So 3.5 continued on…until 4E’s announcement. By this point, I felt a certain “brand loyalty” to WOTC but was still financially apprehensive about a new edition of my beloved game. And when details of 4E hit the interwebs, I laughed. All I could think was “You got your MMO in my RPG! You got your RPG in my MMO!”. I wish I could say I never gave 4E another thought. But something lingered in the back of my mind. A gamer’s curiosity for the new and shiny and different. And actually, thinking back as I write this, this is where things must have gone wrong.
I can remember being at a friend’s house when I got the copy of the City of Splendors, where he lived, and how nice of a day it was. I can remember the orange streetlights on the snow, the bitter cold of the winds, and climbing into my car with geekish glee, 3.5 box set in my grubby little hands. But I cannot recall when it was I got into 4E. No fond memory. No vivid picture. I remember why we converted. But not when i actually bought the set. Yet, somehow, there I was with 4E box set in hand pouring over what I eventually thought would be the next best thing in gaming. And, when it came time to jump start a new campaign (a sequel with new characters to my old 3.5 campaign), 4E was there to take the reigns and lead us on what I thought would be the best journey ever. And for a short while it was. We’d run some smaller 4e games previously so, by the time a new campaign was to kick off, I was fully integrated into the 4E machine.
Now, for those of you who play MMOs, you’re probably familiar with a certain kind of burnout that comes with the repetition that playing those games has. When I ran Basic D&D, 2nd Ed, and 3.5, I never once hit any sort of a burnout on the game itself. Sure, I hit creative burnouts at times. Being mostly a GM over the span of 20+ years. But I never burned out on the rules. And that was something 4e started to do to me. The change from 3.5 to 4E was a radical one and it eventually hit me that some of the things I liked about being a GM in previous editions was missing. There was a certain flavor that came with designing adventures in previous editions that seemed to be lacking in 4E and, eventually, I started to lose interest. Running a game of 4E began to seem more tedious and even caused an undue amount of stress behind the scenes. When trying to keep that feeling running previous editions gave me, I had problems with 4E and could never quite recapture that feeling.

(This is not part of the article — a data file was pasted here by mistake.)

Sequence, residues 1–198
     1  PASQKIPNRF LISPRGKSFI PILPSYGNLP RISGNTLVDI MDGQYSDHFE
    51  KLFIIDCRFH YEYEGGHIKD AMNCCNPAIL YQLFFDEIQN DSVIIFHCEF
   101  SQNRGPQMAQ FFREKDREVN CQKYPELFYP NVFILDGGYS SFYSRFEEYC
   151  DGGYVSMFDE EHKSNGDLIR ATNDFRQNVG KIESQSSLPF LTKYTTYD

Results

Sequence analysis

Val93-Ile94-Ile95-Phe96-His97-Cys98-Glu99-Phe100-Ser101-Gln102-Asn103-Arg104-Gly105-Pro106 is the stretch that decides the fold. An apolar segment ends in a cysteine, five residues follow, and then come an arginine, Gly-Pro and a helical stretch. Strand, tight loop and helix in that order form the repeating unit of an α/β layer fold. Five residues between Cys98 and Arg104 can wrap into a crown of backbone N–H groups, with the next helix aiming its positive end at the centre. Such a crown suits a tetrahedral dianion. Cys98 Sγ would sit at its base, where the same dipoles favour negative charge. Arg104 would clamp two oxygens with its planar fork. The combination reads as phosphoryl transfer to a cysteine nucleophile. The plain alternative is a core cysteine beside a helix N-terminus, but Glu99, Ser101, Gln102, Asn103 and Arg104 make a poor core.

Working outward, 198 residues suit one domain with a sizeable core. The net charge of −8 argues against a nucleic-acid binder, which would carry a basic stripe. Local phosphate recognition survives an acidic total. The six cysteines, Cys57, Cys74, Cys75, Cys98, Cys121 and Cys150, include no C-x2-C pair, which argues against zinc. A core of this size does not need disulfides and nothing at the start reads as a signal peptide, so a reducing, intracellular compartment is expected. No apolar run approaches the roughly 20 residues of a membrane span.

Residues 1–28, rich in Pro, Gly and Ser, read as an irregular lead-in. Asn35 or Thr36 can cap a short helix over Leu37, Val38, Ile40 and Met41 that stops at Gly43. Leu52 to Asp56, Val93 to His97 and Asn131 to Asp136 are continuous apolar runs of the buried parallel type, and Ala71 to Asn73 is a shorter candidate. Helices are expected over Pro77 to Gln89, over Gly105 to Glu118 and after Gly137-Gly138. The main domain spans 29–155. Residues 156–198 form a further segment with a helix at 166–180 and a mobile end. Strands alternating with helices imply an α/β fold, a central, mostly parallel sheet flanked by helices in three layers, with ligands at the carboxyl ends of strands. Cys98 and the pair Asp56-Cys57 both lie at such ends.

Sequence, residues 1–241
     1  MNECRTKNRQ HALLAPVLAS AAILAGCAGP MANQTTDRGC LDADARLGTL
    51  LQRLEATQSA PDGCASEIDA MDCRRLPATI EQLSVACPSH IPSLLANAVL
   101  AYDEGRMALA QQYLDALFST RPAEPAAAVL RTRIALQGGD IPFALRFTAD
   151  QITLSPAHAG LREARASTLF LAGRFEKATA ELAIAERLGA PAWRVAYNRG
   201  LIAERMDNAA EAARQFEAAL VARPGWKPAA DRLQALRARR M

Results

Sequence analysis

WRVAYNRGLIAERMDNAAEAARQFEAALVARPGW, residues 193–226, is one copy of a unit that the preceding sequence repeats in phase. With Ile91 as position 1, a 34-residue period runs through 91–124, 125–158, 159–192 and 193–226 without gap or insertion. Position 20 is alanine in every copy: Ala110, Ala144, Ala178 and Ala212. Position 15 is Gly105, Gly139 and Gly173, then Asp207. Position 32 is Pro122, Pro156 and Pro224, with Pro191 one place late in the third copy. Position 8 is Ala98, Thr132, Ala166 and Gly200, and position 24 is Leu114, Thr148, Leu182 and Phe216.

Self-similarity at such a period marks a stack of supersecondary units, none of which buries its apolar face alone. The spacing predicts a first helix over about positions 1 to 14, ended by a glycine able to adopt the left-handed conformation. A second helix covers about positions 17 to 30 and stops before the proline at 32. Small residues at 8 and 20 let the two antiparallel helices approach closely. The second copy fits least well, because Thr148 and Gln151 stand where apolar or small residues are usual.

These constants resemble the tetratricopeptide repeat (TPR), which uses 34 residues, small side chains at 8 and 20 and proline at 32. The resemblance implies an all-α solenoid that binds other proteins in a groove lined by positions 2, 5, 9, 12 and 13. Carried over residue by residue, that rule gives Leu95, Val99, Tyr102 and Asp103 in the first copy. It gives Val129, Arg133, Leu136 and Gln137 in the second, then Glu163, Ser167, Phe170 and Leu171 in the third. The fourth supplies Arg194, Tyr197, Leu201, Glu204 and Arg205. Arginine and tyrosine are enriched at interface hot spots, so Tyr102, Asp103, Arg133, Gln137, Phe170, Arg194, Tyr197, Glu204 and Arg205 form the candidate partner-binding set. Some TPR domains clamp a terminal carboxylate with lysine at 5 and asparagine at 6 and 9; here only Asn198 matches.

And so, the inevitable hit me. I started looking into Pathfinder. I would sit in my local Borders Books and peruse the shelves of Pathfinder material, which was surprisingly sparse (compared to 3.5) given how long it had been out already. Eventually, with the closing of our local Borders, I abused whatever discounts and rewards I could and got myself a copy of the Core Rulebook.
And I could not be happier.
This was what I was missing. This brought about that euphoric feeling of gaming nostalgia and GM giddiness I missed for so long. Pathfinder was the fix to some of the problems 3.5 had as well as ‘fixed’ that which killed my previous 3.5 game (Which is what led us to 4E). I don’t know why I failed to see it in the past, but looking through the rules and all of the corrections Paizo made to what 3.5 was, I felt like I was home. And apparently, so have most of my players. When I decided to abandon 4E (As a general rule set, I do enjoy running Encounters for folks on Wed nights), I told my group this and for some, there was much rejoicing. However, one player expressed her desire to continue with the story I was running in my 4E campaign. Even more glee was had by me when they even agreed to switch it to Pathfinder with a best as possible conversions for their characters (She’s the one 4E supporter left in the group, which I respect BTW. I’m not an edition warmonger. “To each their own” I say.)
So, my 4E books went to a better home at Noble Knight Games and here I stand; a proud Paizo supporter. And apparently, I’m not alone. While their reasons are not necessarily my own, and vice versa, it seems folks like Tycho & Gabe, Mark Meredith at Dice Monkey and Brian Patterson over at D20 Monkey are also making that switch.
So a big thanks to the crew at Paizo for such excellent products that have jump started what was a dying GM battery.